The working meeting began with an address by City of Ljubljana deputy mayor Dejan Crnek, who welcomed the idea of bringing individuals and institutions together for the good of the health and quality of life of children enrolled in public educational institutions in Ljubljana. He also emphasised the importance of local food and local cuisine in ensuring a genuine experience for visitors to Ljubljana and said: “It is important that the journey from field to table should be as short as possible, and projects like today’s facilitate this.” The deputy mayor thanked the organisers and the numerous participants, among whom were representatives of Ljubljana nursery schools and primary schools, food producers from the Central Slovenia region and hotel and restaurant owners. He ended his address with the thought that the key to success lies in the synergy-generating interconnection of institutions and individuals, since “we win as a team”.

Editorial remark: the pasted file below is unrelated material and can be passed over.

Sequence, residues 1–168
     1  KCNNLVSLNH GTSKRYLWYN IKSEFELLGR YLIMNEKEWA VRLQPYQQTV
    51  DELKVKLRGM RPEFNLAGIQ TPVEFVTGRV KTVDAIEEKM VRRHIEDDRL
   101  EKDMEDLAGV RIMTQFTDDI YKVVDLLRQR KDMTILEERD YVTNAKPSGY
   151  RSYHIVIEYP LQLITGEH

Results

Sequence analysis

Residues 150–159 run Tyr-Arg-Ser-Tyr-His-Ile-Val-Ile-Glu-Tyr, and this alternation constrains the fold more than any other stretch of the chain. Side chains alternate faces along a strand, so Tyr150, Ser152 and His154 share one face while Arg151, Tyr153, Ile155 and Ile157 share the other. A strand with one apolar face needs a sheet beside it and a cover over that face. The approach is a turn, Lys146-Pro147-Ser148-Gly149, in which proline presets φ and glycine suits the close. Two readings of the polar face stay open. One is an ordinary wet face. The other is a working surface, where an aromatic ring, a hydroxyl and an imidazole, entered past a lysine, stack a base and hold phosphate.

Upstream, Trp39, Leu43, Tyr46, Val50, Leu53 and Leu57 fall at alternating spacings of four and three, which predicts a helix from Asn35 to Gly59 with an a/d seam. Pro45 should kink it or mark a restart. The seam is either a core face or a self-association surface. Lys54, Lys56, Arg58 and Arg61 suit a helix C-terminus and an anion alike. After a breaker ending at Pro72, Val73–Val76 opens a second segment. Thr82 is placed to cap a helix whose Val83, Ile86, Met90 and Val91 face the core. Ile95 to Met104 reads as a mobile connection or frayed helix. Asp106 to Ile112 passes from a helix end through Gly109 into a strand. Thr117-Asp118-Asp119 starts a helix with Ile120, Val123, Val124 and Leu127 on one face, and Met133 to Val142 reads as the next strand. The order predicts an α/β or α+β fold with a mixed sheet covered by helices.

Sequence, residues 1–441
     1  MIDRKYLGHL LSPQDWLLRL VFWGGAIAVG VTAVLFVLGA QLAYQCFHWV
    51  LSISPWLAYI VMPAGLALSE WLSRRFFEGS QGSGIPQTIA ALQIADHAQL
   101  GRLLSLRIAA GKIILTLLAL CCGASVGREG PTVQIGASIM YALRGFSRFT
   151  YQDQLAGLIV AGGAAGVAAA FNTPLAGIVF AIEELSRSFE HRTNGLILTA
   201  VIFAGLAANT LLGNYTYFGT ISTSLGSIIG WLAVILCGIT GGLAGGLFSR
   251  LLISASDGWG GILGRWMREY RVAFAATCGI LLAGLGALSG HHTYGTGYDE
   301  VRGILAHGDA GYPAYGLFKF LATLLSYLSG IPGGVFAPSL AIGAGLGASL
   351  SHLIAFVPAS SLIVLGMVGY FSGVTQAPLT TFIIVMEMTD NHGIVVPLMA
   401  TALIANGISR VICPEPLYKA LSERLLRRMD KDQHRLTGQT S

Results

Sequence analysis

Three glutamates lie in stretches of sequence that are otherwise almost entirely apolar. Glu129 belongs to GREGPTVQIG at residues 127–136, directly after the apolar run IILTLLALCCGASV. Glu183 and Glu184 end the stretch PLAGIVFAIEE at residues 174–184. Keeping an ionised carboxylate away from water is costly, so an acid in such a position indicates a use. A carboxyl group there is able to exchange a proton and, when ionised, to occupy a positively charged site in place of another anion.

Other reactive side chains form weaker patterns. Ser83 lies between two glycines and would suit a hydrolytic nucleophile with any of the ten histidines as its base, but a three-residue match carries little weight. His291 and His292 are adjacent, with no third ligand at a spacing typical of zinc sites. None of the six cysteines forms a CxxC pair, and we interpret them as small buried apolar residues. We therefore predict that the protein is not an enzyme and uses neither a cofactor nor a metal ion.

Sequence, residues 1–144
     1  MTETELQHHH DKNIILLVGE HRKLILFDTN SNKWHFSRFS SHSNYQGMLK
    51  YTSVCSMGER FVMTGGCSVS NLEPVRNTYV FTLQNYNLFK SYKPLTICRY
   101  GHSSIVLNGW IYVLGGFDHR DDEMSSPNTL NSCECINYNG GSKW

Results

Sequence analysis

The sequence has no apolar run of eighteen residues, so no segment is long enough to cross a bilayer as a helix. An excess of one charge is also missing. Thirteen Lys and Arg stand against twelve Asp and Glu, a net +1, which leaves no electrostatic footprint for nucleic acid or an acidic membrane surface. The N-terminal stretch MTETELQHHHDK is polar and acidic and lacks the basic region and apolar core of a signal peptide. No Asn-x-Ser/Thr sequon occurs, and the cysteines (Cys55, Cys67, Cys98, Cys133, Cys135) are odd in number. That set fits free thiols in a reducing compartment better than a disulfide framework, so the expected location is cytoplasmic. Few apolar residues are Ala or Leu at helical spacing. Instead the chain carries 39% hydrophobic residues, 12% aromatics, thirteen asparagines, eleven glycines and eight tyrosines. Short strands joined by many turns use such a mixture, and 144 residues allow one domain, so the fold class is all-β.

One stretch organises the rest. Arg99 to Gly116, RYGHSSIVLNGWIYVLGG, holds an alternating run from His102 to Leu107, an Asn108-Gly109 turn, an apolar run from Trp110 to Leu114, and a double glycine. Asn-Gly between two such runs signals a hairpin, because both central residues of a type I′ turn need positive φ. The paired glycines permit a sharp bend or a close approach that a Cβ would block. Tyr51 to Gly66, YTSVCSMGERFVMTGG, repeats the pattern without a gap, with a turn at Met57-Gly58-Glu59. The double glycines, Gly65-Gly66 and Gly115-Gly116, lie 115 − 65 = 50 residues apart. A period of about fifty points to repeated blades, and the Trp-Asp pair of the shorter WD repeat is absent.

Gorazd Maslo, the head of the Rural Development Section at the City of Ljubljana Department for Environmental Protection, said that the strategic objective for the period 2014–2020 consists of providing high-quality agricultural and forestry products from a well-conserved environment in order to ensure the greatest possible self-sufficiency in the City of Ljubljana. “Our goal is locally produced food in Ljubljana’s nurseries, schools and catering establishments.” Schools and nurseries can currently purchase 20% of their food (up to a value of €80,000) outside the scope of the Public Procurement Act, under which they are obliged to select the cheapest supplier. Maslo added: “We are pleased to note that in recent years the percentage of locally produced food in Ljubljana’s nurseries and schools has increased from 6% to 12%, but our target is even more ambitious – we want to achieve a figure of 20%.”